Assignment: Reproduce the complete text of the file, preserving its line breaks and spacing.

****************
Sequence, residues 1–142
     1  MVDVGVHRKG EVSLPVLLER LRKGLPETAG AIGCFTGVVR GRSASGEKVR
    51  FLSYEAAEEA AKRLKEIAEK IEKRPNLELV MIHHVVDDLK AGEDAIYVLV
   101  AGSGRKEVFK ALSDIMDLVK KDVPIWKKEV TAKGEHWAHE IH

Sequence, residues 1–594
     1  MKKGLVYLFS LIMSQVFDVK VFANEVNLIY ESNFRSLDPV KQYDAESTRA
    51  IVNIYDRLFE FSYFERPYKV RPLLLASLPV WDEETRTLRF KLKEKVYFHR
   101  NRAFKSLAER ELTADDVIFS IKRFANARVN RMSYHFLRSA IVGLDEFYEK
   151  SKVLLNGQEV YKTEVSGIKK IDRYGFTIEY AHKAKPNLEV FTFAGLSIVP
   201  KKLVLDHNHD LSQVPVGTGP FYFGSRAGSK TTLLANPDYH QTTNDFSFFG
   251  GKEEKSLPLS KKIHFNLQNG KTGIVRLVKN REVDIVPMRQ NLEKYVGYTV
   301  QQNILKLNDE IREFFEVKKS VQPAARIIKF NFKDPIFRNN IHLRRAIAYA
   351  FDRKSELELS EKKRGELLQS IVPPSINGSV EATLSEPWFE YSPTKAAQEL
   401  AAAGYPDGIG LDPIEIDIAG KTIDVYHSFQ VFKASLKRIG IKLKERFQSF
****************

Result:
Sequence, residues 1–142
     1  MVDVGVHRKG EVSLPVLLER LRKGLPETAG AIGCFTGVVR GRSASGEKVR
    51  FLSYEAAEEA AKRLKEIAEK IEKRPNLELV MIHHVVDDLK AGEDAIYVLV
   101  AGSGRKEVFK ALSDIMDLVK KDVPIWKKEV TAKGEHWAHE IH

Sequence, residues 1–594
     1  MKKGLVYLFS LIMSQVFDVK VFANEVNLIY ESNFRSLDPV KQYDAESTRA
    51  IVNIYDRLFE FSYFERPYKV RPLLLASLPV WDEETRTLRF KLKEKVYFHR
   101  NRAFKSLAER ELTADDVIFS IKRFANARVN RMSYHFLRSA IVGLDEFYEK
   151  SKVLLNGQEV YKTEVSGIKK IDRYGFTIEY AHKAKPNLEV FTFAGLSIVP
   201  KKLVLDHNHD LSQVPVGTGP FYFGSRAGSK TTLLANPDYH QTTNDFSFFG
   251  GKEEKSLPLS KKIHFNLQNG KTGIVRLVKN REVDIVPMRQ NLEKYVGYTV
   301  QQNILKLNDE IREFFEVKKS VQPAARIIKF NFKDPIFRNN IHLRRAIAYA
   351  FDRKSELELS EKKRGELLQS IVPPSINGSV EATLSEPWFE YSPTKAAQEL
   401  AAAGYPDGIG LDPIEIDIAG KTIDVYHSFQ VFKASLKRIG IKLKERFQSF